Alive and Kicking
ALIVE AND KICKING, documentary, not rated, Jean Cocteau Cinema, 2.5 chiles
The Lindy Hop, a fast-paced, acrobatic couples dance, was born during the Depression era in America and grew up along with the popularity of swing bands during the 1930s and ’40s. Both the music and dance faded away after World War II, but were revived in a big way with the help of a couple of 1990s movies and a dancing Gap commercial advertising stretch jeans.
The documentary Alive and Kicking is no exposé. It offers only good news — that swing dancing is not going away any time soon. The Lindy Hop may no longer be cutting edge, but it’s still cool — and youth-dominated, with all its gymnastics and cardiovascular demands. “Swing dance is pure joy set to music,” says one of the bystanders at a dance. “There are 200 people in this room and there’s not a single cellphone out.”
The film, directed by Susan Glatzer, offers a brief history of the dance form, which moved from the streets into the dance halls of Harlem and then around the country. Newsreel-style clips from the early days offer all-black dance teams demonstrating aerials, splits, whip turns, jiving, and the constant rhythm that made the Lindy Hop a popular pastime decades ago. The Lindy Hop was said to be the embodiment of Louis Armstrong’s sound and Count Basie’s beat. Some of the swing old-timers interviewed in the film include Norma Miller, the Queen of Swing, who was featured in the 1941 movie
Hellzapoppin’, and Frankie Manning, who started dancing in the ’30s at the Savoy Ballroom, the first integrated ballroom in Harlem, and danced into his nineties.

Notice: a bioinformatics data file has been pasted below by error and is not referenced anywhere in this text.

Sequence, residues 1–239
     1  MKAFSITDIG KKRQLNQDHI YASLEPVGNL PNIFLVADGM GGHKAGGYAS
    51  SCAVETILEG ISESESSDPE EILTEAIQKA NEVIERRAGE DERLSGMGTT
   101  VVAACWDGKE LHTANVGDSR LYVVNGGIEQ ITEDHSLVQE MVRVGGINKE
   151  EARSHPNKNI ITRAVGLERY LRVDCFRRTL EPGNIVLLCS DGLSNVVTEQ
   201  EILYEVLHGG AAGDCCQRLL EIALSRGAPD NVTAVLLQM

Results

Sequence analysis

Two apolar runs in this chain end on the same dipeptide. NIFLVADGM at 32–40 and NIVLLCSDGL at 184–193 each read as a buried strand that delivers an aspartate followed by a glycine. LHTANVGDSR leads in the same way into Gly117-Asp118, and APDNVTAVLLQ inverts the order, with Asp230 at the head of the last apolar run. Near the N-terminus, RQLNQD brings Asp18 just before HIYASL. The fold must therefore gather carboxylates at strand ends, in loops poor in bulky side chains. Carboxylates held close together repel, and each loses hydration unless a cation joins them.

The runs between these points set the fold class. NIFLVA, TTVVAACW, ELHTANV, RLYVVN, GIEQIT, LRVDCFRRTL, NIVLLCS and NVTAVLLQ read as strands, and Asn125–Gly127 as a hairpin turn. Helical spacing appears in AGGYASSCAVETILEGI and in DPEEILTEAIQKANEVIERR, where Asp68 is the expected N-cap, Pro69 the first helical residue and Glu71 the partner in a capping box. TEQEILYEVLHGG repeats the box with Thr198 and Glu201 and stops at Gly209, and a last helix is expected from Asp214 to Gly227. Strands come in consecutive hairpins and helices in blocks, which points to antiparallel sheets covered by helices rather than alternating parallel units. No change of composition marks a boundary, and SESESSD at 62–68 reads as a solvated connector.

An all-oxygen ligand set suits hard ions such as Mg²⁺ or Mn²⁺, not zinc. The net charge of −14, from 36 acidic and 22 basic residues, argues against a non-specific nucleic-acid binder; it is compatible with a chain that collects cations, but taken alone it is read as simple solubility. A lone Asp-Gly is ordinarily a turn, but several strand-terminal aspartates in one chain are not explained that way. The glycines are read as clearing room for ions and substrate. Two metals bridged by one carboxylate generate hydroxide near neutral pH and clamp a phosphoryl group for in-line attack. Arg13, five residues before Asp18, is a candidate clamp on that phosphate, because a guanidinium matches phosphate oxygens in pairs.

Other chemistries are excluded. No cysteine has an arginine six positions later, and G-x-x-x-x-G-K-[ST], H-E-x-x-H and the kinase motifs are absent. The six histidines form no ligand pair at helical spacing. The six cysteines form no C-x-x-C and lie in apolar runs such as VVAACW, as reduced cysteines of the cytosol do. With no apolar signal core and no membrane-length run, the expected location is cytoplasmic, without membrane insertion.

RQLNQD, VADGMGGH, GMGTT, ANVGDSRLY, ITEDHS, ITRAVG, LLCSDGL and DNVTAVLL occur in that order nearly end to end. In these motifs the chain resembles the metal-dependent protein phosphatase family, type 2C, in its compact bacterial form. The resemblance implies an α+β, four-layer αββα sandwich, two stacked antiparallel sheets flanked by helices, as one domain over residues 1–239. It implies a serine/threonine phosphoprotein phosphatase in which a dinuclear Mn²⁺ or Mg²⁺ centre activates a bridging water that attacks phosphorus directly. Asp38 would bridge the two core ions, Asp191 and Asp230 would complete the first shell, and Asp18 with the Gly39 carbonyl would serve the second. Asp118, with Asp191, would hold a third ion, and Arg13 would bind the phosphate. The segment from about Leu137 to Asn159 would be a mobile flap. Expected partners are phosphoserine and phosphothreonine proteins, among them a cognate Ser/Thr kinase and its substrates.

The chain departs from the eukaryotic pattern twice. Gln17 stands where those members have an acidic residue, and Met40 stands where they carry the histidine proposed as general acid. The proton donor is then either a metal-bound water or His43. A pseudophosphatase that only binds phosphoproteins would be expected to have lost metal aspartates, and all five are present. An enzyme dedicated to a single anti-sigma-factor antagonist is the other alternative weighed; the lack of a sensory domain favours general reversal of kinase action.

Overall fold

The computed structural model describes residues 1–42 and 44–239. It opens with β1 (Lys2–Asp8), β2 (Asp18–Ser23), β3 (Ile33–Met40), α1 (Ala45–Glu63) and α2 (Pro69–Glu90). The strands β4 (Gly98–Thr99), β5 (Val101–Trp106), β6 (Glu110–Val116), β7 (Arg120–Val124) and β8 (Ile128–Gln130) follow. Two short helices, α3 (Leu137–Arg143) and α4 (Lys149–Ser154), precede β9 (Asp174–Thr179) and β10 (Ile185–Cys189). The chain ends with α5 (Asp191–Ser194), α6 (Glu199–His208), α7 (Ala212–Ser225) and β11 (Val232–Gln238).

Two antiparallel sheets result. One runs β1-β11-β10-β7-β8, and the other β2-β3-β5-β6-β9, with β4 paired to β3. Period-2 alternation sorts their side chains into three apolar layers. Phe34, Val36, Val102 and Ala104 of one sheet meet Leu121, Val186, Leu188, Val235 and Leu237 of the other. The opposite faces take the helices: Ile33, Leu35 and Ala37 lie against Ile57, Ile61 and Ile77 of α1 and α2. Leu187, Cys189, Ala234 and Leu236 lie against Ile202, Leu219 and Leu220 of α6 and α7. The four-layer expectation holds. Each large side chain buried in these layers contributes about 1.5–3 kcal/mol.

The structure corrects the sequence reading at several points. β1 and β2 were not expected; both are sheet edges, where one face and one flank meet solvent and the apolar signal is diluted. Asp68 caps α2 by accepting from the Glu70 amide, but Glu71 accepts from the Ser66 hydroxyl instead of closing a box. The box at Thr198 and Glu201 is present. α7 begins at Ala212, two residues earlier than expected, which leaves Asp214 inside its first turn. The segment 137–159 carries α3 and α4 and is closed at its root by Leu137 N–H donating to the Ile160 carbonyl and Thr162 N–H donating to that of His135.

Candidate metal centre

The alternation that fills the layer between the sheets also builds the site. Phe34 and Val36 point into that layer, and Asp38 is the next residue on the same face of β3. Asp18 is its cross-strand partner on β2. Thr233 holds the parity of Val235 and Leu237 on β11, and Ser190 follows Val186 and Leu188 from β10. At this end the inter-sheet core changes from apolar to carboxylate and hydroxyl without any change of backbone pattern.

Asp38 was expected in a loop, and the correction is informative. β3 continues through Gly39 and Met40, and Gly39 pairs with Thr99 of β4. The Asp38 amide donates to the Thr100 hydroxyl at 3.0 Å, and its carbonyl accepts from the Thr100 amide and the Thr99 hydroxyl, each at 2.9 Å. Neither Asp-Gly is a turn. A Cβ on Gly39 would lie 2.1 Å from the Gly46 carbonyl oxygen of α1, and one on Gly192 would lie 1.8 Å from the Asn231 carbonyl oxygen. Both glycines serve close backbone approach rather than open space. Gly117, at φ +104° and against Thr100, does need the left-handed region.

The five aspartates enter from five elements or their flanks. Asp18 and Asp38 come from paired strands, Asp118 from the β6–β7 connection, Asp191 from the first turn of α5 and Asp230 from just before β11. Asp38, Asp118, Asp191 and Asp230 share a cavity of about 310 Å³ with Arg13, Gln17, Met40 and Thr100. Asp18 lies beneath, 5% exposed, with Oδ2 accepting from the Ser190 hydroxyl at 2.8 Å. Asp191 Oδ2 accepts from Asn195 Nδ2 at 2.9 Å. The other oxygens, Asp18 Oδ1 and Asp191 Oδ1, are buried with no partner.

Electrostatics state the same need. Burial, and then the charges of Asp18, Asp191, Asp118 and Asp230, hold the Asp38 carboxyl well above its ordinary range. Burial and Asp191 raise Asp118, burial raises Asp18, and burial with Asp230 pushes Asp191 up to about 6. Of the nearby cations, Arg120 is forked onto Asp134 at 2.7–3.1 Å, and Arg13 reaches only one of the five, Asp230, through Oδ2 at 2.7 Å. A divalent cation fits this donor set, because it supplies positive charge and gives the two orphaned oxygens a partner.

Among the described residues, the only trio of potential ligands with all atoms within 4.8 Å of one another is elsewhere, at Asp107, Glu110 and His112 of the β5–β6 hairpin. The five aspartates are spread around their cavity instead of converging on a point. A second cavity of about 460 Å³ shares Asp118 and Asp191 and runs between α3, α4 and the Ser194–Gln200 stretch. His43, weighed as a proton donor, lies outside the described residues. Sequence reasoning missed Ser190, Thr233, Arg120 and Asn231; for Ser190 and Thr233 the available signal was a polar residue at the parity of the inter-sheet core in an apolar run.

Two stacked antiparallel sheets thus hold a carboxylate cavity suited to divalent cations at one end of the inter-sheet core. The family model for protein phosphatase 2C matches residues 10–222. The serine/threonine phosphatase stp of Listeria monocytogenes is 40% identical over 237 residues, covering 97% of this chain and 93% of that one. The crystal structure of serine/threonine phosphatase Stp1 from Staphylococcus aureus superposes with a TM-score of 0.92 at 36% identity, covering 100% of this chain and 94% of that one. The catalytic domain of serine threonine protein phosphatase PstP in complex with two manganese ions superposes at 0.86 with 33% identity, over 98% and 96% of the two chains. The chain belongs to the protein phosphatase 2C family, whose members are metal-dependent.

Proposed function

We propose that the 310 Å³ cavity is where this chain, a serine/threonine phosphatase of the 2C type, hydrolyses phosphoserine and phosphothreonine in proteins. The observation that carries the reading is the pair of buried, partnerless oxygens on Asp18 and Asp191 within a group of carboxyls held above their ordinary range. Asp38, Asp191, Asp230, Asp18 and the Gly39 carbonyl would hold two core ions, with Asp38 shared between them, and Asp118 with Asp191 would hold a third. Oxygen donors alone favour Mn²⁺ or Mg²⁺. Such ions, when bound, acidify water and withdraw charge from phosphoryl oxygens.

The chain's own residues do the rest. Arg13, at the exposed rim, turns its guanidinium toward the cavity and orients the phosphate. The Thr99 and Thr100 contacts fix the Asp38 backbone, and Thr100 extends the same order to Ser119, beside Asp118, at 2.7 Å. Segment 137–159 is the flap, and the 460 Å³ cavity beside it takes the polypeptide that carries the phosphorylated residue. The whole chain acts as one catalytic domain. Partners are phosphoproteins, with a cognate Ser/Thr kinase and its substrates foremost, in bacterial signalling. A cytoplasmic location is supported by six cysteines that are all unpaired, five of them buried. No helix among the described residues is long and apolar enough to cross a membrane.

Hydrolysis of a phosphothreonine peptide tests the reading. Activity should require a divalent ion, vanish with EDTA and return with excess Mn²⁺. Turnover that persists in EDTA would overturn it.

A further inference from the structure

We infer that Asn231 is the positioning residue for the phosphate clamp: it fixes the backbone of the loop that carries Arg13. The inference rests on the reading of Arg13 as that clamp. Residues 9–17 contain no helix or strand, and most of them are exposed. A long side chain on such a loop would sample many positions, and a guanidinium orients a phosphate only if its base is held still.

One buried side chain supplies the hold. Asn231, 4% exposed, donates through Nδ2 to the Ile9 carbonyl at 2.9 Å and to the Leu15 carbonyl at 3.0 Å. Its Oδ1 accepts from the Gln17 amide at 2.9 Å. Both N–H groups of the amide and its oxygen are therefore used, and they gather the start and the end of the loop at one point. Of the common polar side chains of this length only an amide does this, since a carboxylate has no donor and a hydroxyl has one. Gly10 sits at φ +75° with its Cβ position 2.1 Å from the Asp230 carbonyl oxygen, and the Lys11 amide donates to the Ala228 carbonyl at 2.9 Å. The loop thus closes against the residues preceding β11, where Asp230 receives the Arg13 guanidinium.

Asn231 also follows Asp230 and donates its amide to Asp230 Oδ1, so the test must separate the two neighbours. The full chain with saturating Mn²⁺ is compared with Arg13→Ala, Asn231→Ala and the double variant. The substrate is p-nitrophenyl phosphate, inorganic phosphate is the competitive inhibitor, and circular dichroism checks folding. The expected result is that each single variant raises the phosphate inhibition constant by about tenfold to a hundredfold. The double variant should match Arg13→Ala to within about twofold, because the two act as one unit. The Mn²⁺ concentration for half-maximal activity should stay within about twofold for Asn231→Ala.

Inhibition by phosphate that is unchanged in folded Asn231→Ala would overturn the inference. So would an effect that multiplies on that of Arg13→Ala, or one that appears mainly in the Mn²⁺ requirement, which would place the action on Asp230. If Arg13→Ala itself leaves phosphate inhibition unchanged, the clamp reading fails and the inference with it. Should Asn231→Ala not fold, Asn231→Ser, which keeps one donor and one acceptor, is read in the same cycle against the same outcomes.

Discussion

When not showing dazzling scenes of Lindy Hoppers hopping, Alive and Kicking follows a group of enthusiastic (and mostly white) professional swing dancers who travel around the world giving workshops and entering competitions. Unlike many young actors who dream of fame and fortune, these performers have more modest aspirations. Members of one up-and-coming dance team are shown at their day jobs, doing construction work and scooping ice cream. Later, ecstatic after winning their first major competition, the talk is about getting teaching gigs, which is apparently where the money is.
Swing dancing means community, connection, and healing for many of the amateur participants interviewed in the film. The egalitarian approach to partnering, the sense of play found in the dance, and even the opportunity to touch another human are mentioned as important facets of the dance. “There is an incredible intimacy that you have among strangers. You have a three-minute romance and then move on, and that’s OK,” says a devotee.
Two Swedish women, Emelie and Rebecka, became so close during the time they were developing a nonsexual dance partnership that they adopted each other as sisters. An ex-Marine named Augie tells how he returned to the U.S. after his first tour in Iraq feeling alienated and suicidal. It was dancing that helped him conquer PTSD — swing was the physical and emotional outlet that allowed him to reconnect with people and find a reason to go on. In New Orleans, after Hurricane Katrina, swing dancers from around the country converged on the city to help preserve jazz music and to attempt to rejuvenate a devastated city. Dancing in the streets was back.
As a documentary, Alive and Kicking has the feel of a story without any tension. There are only so many glowing testimonials an 88-minute film needs to have. Still, if there is joy inherent in the dancing, there is also joy in beholding it. “There are people out there who need this dance,” says the Queen of Swing. There are places in Santa Fe to find it.
The joint is jumping: Dancers from